I’m not working at my work desk because it’s a slow day. Nope. Not at all. For Chapter 7, I had to rewrite almost the entire chapter due to a change in the plot point. Chapter 8 is complete as well. Between the two of them, I have cut three whole pages. We’re getting somewhere! I discussed some of what I was working on with Kaitlyn and she was, again, awesome and gave me great feedback and helped me to make sure I was on the right track. I may have to hand her every book I write forever. Seriously.
Tuesday, November 8, 2016:
Things were going relatively well until I got home and proceeded to watch election results. Then, there was no working.
Wednesday/Thursday, November 9-10, 2016:
Yeah, I tried to work, but nothing got done. Without going into politics too far, I mourned. I cried. My artistry got squashed a bit. It took a lot to recover. Friday, November 11, 2016:
Today is a very good day. Not only is it a day of honor and respect pledged to our veterans, but it also happens to be my best friend’s birthday, and spending time with her always manages to rejuvenate me. I struggled through my day, but managed to get through a couple of chapters. Then, I got to participate in a very successful surprise party for this awesome, inspirational person (I’m not being hyperbolic. The lady is a hero. She saves lives for a living). I feel ready to attack tomorrow.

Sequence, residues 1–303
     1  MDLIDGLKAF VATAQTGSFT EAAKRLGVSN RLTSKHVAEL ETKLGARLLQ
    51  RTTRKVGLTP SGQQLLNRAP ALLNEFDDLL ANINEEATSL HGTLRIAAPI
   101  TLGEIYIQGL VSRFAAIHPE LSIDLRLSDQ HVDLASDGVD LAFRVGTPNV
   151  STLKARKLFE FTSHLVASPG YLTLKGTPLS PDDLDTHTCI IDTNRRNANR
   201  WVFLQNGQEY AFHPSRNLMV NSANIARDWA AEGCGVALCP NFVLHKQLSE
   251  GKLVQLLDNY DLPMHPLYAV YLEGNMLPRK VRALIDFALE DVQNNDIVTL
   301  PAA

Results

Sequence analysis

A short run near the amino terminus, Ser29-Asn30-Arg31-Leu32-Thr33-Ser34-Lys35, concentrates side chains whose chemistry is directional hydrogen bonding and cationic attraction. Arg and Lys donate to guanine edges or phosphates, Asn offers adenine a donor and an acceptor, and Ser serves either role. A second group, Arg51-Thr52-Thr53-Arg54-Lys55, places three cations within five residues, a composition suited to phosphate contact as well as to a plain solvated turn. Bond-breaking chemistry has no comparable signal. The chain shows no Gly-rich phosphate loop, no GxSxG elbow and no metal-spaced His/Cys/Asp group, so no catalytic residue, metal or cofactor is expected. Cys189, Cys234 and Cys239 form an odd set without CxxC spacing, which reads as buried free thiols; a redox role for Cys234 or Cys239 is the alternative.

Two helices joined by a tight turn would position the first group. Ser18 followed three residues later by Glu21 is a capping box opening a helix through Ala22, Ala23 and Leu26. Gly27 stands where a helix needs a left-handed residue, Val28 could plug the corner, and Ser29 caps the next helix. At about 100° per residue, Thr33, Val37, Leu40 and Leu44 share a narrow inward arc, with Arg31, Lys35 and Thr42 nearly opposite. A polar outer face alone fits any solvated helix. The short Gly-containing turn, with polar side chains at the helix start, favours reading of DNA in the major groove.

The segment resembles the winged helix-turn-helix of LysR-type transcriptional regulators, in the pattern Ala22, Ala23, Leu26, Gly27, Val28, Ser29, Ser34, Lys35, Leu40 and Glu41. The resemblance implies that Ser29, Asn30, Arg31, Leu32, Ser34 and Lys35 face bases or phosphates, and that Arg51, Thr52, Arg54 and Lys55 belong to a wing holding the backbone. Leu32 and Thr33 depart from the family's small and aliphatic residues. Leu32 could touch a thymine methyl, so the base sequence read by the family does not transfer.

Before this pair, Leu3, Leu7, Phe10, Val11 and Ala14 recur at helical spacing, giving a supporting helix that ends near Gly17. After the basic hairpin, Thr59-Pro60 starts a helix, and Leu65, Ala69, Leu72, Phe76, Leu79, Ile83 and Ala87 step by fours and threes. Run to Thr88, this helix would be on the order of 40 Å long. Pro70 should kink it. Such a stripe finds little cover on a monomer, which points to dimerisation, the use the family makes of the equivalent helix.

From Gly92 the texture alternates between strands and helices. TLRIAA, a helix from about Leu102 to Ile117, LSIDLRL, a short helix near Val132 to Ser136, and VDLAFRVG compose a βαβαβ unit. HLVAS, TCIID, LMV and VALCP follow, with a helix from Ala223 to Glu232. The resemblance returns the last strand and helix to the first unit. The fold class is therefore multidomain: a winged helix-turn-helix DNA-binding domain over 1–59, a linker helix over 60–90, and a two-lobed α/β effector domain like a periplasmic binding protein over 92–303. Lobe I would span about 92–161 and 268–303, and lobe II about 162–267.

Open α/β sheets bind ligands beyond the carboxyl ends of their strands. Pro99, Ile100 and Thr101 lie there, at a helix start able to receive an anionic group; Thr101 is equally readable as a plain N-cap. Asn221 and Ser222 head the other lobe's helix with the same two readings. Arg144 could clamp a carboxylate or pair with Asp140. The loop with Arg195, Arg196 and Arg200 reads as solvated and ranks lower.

Saturday, November 12, 2016:
Woke up with a migraine again! Have I mentioned that I have three cats and they are all over eight years old and I just recently discovered I’m allergic to cats. Meaning . . . that’s not going anywhere because my cats aren’t.
I did finally pull myself together by around 1 PM and continued working through the night. Then I shocked myself by making it through five chapters! I even shot a question off to Kaitlyn, who quickly answered and told me my suggestion on a fix for an issue was on point. So I ran with it. And got pretty far.
Sunday, November 13, 2016: